When I think that far out, it's going to be radically transformed. We'll be reaching many of those carbon-reduction targets, which are now just goals or targets. We won't perhaps be at net-zero yet across the country, but hopefully some states will be approaching that.

It'll be a new paradigm with all the increased demand coming. Who knows what's going to happen with cloud computing by then and with AI, with additional demand that's going to be on the grid.

Hopefully, we'll have overcome many of the transmission challenges that are looming. So, it'll be a transformation in progress that will present us with new challenges, and opportunities.

PUF: How do infrastructure needs compete with concerns about affordability?

Commissioner Floyd McKissick: There are serious concerns about affordability. This will not be a cheap transition, moving to carbon neutrality and building the infrastructure needs that are necessary. There are many challenges.

It's up to Commissioners within their jurisdictions to figure out how they can decrease the burden on those who are most financially vulnerable. Do they create programs that might provide a certain bill credit to those customers qualified for LIHEAP or CIP? Do they define affordability in terms of what a person pays for utilities as a percentage of their income?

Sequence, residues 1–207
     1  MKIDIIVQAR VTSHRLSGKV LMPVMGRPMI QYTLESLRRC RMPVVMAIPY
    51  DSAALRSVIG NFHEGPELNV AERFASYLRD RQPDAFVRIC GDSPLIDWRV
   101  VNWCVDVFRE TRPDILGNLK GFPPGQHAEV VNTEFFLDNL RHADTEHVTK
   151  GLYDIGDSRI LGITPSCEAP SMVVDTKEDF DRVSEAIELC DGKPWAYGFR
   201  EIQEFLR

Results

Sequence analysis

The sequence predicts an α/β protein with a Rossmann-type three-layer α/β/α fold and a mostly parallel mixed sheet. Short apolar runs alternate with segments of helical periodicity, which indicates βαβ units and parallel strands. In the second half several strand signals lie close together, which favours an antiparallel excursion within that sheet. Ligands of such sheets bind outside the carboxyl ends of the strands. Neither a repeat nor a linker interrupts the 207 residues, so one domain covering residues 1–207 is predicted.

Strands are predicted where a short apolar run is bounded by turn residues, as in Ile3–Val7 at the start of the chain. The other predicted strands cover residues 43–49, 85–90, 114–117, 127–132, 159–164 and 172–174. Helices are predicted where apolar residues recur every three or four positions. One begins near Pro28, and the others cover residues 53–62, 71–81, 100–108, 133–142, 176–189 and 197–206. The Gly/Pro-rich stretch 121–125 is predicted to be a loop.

These are variables each state will wrestle with and what works in one jurisdiction may not work in another. We will be challenged to think outside the box.

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Do they look at what would be referred to as an energy burden based upon the amount of income that people have? It's all about helping segments of the population, so they're not struggling because of the cost and pathway of having a power grid that's essential, necessary, reliable, and allows us to modernize in a way that's critical as we decarbonize, if we're going to be successful.

All of that is going to come at a cost and we must come up with a way of mitigating that impact on those who are most financially vulnerable.